Civil engineer Ramesh Kher ties up with sculptor friend Vivek Kamble to create Ganpati idols from alum, a substance used by PMC to rid potable water of polluting particulate matter
Ganesh idols made of white soil or shadu and Plaster of Paris (POP) inevitably pollute water when they are immersed at the conclusion of Ganpati festivities. Civil engineer Ramesh Kher (68) feels the answer lies in making idols of the Lord from alum. "Even idols made of wood, stones and iron cause obstructions in the flow of water. The colours used to paint the idols are toxic they pollute our water bodies. So, this year I decided to create an idol from alum to see if it makes a positive difference," said Kher.
Friend indeed Kher's friend Vivek Kamble, a sculptor, has already carved his very first Ganesh idol from alum.
"He took three days to carve the idol and the result is heartening. We will make some more such idols and see how the images fare on the day of immersion. Generally, three kgs of alum dissolve in three days. If all goes as planned, I plan to manufacture 500 such idols next year, and hope to convince people to be more environment conscious," Kher said.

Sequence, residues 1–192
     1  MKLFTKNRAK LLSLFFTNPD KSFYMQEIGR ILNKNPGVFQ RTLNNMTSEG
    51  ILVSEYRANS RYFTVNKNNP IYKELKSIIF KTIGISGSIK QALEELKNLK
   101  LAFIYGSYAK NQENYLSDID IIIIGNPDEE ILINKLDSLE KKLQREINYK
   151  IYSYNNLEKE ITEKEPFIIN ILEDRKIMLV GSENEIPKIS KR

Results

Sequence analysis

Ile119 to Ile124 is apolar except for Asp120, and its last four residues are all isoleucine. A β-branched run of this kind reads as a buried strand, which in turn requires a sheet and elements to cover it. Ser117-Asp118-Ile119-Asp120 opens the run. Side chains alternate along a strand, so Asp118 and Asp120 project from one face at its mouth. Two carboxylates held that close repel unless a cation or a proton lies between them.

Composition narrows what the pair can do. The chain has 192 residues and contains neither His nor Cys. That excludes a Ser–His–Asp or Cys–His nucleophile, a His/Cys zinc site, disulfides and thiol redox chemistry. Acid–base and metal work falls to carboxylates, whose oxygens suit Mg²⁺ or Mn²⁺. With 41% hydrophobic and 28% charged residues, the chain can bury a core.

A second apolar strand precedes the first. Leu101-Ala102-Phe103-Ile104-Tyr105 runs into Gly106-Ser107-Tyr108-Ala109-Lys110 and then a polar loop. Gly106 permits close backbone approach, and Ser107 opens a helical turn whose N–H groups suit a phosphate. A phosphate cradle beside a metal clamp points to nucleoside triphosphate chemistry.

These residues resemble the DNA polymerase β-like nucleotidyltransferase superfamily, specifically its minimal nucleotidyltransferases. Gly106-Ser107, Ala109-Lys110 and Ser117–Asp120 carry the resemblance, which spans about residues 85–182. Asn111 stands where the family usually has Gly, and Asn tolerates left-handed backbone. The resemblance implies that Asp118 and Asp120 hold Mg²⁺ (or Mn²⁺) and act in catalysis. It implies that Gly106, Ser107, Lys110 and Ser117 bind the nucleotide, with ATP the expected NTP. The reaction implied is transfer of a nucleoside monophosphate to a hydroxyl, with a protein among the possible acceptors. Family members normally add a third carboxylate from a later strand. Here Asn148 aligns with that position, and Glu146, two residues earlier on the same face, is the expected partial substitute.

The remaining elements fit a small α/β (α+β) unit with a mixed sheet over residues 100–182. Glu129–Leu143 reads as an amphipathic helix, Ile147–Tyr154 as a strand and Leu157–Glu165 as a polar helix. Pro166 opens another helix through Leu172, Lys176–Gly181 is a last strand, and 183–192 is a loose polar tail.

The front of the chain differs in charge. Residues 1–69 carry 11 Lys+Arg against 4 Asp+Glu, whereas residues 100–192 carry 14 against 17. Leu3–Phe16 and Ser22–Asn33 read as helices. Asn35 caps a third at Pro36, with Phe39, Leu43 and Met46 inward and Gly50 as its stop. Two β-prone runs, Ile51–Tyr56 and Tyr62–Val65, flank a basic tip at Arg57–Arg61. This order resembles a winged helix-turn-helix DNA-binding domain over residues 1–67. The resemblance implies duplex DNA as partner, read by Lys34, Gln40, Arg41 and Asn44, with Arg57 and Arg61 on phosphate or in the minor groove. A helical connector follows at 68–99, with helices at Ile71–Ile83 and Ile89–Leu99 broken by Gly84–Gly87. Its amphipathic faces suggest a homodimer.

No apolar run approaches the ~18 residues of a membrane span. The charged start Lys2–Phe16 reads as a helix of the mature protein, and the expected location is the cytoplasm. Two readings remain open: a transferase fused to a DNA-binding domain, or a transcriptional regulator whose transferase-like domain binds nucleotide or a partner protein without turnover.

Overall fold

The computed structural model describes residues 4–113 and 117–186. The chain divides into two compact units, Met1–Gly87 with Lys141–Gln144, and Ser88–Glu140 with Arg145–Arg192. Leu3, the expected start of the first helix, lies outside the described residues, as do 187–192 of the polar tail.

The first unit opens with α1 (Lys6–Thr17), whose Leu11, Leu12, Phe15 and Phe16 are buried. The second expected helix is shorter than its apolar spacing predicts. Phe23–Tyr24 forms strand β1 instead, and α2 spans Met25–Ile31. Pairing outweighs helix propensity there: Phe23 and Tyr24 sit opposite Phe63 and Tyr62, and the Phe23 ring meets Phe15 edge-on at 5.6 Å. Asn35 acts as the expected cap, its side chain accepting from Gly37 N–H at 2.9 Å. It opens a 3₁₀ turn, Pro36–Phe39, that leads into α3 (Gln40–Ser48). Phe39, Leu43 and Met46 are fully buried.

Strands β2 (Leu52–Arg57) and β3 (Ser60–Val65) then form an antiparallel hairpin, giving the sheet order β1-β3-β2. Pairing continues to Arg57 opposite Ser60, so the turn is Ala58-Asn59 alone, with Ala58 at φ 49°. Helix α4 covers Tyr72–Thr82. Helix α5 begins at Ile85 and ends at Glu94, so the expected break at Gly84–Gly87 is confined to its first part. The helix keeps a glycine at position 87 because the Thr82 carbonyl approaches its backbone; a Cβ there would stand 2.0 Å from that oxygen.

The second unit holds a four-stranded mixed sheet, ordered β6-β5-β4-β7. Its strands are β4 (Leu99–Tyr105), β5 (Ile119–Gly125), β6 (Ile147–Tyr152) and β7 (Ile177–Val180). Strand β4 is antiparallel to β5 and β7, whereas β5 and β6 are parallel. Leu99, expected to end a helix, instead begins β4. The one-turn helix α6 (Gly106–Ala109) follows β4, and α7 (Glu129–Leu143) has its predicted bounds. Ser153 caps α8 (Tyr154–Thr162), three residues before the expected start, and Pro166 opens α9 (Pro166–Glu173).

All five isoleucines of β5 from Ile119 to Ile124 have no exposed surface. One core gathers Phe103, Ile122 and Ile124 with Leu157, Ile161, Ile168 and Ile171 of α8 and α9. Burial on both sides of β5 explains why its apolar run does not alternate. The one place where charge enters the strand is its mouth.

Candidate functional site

Alum's welcome Incidentally, the PMC uses tons of alum to clean potable water of polluting particulate matter. "My father has over 100 products patented in his name. Making a Lord Ganesh idol from alum is a revolutionary idea. It may take time to catch on, but it will definitely click," said Swachchand Kher, Ramesh Kher's son.
Madhav Gogte, a veteran ecologist and former principal chief forest conservator, Maharashtra, endorsed the idea of creating alum Ganeshas. "I am sure the alum crystal idol will be more pleasing aesthetically. I hope more people follow the concept," he said.
Earlier, Kher had also created idols from jaggery, but did not proceed with the idea because it attracted ants and tended to melt when temperatures rose.